The diagram in Figure 5 represents the user’s interaction process with the simulator. The simulator is controlled via the graphical interface. The user’s interaction begins by deciding whether to create a new project or to display the results of an existing project. If the user decides to create a new project, a new project is created using the wizard and the user imports the data containing information about the simulated network. The imported data are processed into a unified JSON style. The JSON data are used to create a project for the NS-3 simulator and for simulation in the Matlab environment. Once the projects are created, the simulator proceeds to the simulation itself. The simulation is defined by a fixed time span, which is divided into individual windows. Each window represents the simulation step, when both the data and power grid layers are simulated. The simulation window represents one simulation of the data network and one simulation of the power grid. If the timeline contains multiple time windows, the simulations are switched between the windows, and the final data are passed between the simulations. Once the entire timeline is over, the results are stored and displayed to the user.
If the user chooses to work with already existing projects, there are three options offered. In the first option, the user can delete the existing project. This deletes all data related to the project on the server side. This operation is irreversible. The second option offers the user to download the existing project in ZIP format. The last option is to view the results of the simulation.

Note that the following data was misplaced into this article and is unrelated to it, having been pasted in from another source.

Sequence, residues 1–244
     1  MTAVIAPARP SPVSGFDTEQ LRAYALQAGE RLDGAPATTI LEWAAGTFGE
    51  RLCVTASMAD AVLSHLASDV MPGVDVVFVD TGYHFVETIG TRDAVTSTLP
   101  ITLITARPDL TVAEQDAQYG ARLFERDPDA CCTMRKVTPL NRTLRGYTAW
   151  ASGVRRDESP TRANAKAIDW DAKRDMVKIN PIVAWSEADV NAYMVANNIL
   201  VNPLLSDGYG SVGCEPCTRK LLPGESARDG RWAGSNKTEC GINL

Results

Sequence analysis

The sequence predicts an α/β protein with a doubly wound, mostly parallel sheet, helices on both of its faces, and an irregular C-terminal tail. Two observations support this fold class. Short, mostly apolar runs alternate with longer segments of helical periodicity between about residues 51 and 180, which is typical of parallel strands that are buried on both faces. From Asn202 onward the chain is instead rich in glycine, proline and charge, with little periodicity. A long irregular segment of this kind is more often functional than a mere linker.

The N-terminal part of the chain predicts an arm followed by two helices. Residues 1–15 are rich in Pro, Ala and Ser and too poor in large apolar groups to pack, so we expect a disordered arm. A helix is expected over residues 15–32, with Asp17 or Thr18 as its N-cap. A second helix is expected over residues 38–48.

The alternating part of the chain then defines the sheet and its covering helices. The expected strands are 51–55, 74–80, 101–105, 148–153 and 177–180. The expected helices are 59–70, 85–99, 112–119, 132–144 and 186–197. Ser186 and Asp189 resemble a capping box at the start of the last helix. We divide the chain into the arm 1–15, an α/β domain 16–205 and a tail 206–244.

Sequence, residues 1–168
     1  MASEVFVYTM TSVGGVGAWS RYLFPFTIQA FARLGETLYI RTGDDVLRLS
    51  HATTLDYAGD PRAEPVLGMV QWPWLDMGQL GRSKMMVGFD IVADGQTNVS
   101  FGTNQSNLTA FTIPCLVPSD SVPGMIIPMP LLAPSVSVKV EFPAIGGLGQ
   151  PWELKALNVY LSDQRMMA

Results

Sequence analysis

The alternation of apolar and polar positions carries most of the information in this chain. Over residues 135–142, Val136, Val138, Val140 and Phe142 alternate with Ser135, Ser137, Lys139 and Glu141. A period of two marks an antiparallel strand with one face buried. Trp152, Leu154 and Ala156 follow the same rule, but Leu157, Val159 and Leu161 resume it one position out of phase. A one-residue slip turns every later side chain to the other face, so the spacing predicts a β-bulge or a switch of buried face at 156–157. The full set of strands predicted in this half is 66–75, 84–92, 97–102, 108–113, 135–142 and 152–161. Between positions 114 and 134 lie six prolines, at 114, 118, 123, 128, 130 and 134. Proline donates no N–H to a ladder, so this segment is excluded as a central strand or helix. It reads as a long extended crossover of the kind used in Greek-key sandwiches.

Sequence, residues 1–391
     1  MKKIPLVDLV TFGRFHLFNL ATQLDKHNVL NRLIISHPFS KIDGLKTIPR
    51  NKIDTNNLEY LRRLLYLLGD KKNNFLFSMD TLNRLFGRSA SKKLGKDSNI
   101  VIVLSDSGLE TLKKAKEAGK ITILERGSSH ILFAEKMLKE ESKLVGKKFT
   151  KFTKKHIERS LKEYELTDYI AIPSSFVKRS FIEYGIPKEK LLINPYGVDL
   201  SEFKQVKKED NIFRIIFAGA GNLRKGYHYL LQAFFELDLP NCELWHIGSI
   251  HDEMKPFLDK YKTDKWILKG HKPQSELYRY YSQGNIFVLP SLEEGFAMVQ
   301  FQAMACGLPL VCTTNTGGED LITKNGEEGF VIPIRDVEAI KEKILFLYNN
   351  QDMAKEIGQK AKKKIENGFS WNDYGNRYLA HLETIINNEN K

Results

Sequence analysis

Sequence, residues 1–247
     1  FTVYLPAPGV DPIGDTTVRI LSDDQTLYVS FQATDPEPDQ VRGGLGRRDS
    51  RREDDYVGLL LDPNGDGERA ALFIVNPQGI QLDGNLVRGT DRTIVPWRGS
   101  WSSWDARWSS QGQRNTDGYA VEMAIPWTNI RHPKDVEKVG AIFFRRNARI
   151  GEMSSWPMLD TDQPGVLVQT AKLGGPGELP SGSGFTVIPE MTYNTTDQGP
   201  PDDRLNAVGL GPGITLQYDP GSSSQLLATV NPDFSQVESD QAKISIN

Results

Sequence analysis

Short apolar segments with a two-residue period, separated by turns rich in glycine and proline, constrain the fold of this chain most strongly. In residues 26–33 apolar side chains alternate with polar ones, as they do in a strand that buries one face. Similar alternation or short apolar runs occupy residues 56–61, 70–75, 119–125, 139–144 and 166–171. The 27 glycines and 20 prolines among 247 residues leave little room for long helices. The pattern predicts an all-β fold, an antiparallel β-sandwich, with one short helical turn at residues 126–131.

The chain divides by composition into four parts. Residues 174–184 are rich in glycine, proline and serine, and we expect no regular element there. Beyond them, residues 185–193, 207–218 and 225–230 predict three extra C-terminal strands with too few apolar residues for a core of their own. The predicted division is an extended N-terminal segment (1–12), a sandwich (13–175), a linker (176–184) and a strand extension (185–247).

3.5. Simulation Types

Currently, two different types of simulations are considered within the developed simulator. These two scenarios differ in the timing of the entire simulation and the data exchange between the energy and data parts of the simulator. The first scenario is called “time course of the fault” and the second is the “probability of a power outage determination”. The approaches used for each scenario and examples of use are described in the following subsections.

3.5.1. Time Course of the Fault

In this first scenario, the fault progression is viewed in discrete time. For the loaded network, the location of the fault and the time at which the fault occurs must be specified. The output of the simulation is then a time distribution of the fault progression, showing at which point the fault occurred, which lines were affected by the fault, and the individual fault duration at each device [4]. The output data is in discrete digital signal format (1/0). This signal is always given for each specific node in the system, according to the extent of the simulated network. It is the duration of the fault that is a key factor for one of the possible optimization processes, namely in economic terms. Following the fault record processed in this way, the NS-3 simulator simulates the effects of the outage in the network area. In the time from the occurrence of the fault to its resolution, the data flow in the data network and the load of individual lines are analyzed. Then, the optimization solutions can be suggested.
The simulator enables to schedule failures during the simulation. Each simulation is currently scheduled for a specific time length. First, it is necessary to schedule the failure directly by editing the C++ project for NS-3. The failures are created by deactivating all interfaces on the element that will show signs of a failure. An example of deactivation of the data interface is shown in Listing 1.
Listing 1. Example of network interface state control.